The Toronto Blue Jays go into the 2019 season battered, bereft of several of the “name” position players who were on the club last year, and not expected to do much of anything in the standings. But that’s not to say that there isn’t going to be interest and intrigue in the ballclub. Here is the fifth of five storylines to watch in the first month or so of the season.
5. Veteran Presents
Say what? Veteran Presents (or presence)? What veteran presence? I mean Marco Estrada signed with the Oakland A’s and got them all green bathrobes with their name and number on it, a la David Price. Where are the Blue Jays’ veteran presents?
Well, there are still a few veterans left on the club, even after Kendrys Morales was traded on the eve of the season. The veterans include Kevin Pillar (30 years old, four and a half seasons of service time), Freddy Galvis (29 years old, six years of service time), Justin Smoak (32 years old, eight-plus years of service time), Ken Giles (28 years old, four and a half seasons of service time) and Matt Shoemaker (32 years old, almost five seasons of service time). Clayton Richard is the grandfather at 35 and almost nine seasons of service time but he’s hurt at the moment.
So, I guess we’re using the term “veteran” loosely, but since so many players on this club have less than two years of service time or are under 28 years old, we have to make do with what we have. Even the oldest player on the current roster, Javy Guerra (33), has less than four years of MLB service time and barely made the roster due to injuries. Daniel Hudson, at 32, actually has over eight seasons of service time but his teammates don’t really know him yet, having just been signed.
So what is leadership going to look like in 2019 on this Blue Jays team?
My impression is that the “veterans” like Galvis, are going to lead by example. Galvis’s record of playing every day for the past couple of years is something that the younger infielders can aspire to, watching his preparation and his attention to detail on defense, something that didn’t go unnoticed in spring training. He’s been an older brother for Latino players like Lourdes Gurriel and has said that he’s willing to put his consecutive-games-played streak to rest if it helps the team. Being a team-first guy who takes pride in his defense and his preparation is always going to be great leadership quality. He also leads the Jays in hair, at least until Bo Bichette‘s flow arrives.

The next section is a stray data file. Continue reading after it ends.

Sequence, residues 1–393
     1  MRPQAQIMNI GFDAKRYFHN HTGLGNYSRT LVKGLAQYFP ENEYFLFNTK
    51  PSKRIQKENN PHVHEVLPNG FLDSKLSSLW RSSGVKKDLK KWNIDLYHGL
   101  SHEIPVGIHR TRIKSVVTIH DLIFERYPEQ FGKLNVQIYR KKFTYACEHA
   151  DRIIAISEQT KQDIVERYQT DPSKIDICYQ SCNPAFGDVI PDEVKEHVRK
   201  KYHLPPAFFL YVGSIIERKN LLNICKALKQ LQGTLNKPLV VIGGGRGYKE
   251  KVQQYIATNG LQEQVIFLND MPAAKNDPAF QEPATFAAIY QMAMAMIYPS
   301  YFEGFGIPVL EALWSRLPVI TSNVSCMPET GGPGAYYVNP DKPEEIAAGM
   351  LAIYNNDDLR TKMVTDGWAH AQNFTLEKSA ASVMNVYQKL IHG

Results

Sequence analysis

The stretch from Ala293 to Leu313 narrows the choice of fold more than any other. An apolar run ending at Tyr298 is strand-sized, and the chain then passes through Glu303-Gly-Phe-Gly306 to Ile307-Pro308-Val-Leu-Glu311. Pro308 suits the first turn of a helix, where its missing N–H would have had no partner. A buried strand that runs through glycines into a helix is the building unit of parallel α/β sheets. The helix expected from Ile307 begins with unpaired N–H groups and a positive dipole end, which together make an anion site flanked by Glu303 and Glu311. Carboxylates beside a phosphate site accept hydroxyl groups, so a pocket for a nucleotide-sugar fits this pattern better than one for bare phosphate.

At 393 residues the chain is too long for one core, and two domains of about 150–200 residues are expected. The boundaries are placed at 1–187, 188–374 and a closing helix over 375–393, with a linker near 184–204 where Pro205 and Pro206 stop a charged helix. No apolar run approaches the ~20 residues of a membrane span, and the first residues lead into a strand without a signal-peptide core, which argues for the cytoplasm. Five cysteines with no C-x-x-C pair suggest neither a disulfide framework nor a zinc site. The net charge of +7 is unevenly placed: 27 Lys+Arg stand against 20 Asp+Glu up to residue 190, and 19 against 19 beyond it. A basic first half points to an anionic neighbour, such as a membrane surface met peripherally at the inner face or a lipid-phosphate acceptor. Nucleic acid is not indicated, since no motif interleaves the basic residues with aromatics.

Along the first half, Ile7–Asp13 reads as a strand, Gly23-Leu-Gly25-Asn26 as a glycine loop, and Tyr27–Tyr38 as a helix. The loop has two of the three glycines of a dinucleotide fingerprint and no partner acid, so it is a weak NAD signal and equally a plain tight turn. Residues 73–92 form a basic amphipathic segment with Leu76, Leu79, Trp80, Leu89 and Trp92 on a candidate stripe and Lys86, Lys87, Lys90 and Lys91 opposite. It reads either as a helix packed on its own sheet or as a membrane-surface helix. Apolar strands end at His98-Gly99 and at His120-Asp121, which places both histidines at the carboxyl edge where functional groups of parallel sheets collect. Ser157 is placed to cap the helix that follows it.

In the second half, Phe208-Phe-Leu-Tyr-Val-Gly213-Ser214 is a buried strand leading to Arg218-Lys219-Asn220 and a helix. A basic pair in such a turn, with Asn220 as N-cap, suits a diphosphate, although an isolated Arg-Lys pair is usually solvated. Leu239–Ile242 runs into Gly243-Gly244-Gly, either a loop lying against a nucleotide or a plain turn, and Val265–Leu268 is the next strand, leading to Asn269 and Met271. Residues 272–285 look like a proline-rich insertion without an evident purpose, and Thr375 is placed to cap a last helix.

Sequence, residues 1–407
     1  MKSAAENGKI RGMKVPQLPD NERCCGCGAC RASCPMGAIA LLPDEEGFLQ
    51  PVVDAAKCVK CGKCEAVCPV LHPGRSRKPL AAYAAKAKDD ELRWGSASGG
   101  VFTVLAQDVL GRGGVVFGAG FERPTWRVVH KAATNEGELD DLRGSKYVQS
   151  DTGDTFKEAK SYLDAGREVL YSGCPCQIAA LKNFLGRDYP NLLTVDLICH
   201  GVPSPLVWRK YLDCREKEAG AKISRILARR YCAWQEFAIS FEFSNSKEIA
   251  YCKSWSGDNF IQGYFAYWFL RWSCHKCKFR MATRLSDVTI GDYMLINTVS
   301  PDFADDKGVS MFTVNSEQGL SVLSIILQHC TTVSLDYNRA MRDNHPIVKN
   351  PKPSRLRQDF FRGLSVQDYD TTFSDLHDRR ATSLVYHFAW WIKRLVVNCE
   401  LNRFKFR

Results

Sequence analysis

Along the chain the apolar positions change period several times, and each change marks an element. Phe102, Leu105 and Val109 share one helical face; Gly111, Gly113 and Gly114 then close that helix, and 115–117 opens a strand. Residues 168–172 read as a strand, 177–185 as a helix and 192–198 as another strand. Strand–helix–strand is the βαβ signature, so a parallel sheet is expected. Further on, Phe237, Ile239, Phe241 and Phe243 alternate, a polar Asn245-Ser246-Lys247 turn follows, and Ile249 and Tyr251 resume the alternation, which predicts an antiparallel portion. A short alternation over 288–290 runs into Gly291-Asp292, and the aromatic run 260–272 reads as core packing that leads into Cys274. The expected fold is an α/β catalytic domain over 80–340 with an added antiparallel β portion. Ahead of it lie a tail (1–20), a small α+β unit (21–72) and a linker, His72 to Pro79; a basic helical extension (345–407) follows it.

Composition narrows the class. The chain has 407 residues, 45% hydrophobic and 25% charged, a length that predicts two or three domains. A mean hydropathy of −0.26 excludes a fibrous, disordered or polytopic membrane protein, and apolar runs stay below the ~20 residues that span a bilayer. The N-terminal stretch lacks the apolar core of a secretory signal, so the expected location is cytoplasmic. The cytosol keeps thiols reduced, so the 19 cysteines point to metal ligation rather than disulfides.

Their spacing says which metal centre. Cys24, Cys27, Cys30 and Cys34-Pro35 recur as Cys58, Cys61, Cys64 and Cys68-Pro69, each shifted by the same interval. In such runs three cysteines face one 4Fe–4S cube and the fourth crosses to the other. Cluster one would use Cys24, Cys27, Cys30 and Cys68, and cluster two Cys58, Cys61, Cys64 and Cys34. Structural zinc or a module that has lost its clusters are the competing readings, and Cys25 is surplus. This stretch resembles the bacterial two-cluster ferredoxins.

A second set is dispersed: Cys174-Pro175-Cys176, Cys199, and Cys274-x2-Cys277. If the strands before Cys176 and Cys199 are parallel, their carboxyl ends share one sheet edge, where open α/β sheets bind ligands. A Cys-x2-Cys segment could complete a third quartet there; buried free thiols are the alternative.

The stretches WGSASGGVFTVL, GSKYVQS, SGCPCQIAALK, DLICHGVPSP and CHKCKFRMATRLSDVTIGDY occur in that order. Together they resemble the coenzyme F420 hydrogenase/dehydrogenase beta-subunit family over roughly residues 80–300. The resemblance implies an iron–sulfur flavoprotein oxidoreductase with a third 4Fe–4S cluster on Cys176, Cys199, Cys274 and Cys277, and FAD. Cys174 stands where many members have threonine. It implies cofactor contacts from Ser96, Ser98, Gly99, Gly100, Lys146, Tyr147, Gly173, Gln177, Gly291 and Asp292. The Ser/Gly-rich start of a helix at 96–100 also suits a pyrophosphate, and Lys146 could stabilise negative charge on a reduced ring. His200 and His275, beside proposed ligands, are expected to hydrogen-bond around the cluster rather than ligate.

Veteran starter Clayton Richard took up Charlie Montoyo‘s idea of having all of the starters present in the bullpen when that day’s starter warms up and having them all come in to the dugout together. It was probably the fact that the club’s most senior pitcher was the one to champion the idea that it stuck and that the Blue Jays rallied around their starter. And the Jays had a record of four starts and 22 innings of starting pitchers not giving up a run to start the season. And when Richard missed his start to go on the IL with a knee issue? Disaster. The injury broke the veteran magic.
And what about Kevin Pillar? Well, we haven’t heard much about his leadership and these days, he’s probably fighting more for a job before the season ends than he is worried about leading this team. Could he be distracted because of the rumours floating around of a possible trade to San Francisco? Did the presence of Anthony Alford in the clubhouse the night before the season started make him nervous and throw him off to start the season? We probably won’t know the answers to these questions for quite a while.
UPDATE: This post was written mere hours before the news of Kevin Pillar’s trade to San Francisco reached our ears. So fare the well, Mr. Pillar.
Ken Giles seems to be getting more and more comfortable as a Blue Jay and after his first spring training has come out of the gate sending a message, striking out five in three innings. As the closer, he sets the tone for the bullpen and it looks like the bullpen hasn’t been horrible (not that some members have been fantastic either) yet. The bullpen was seen as one of the weakest areas of the team and, while the Jays lost two extra-inning games to the Tigers, the ‘pen also held the Jays in the game last night against the Orioles, as the offense came just short of coming back.
And what about Smoak? He seems to be a quiet leader type so we haven’t heard much from him.
On a whole, the veterans on the Blue Jays are giving something back to the younger players. Of course, this contribution intangible by nature, but it’s going to be fun to watch how the youngsters grow in the care of the elders in April and throughout the season.
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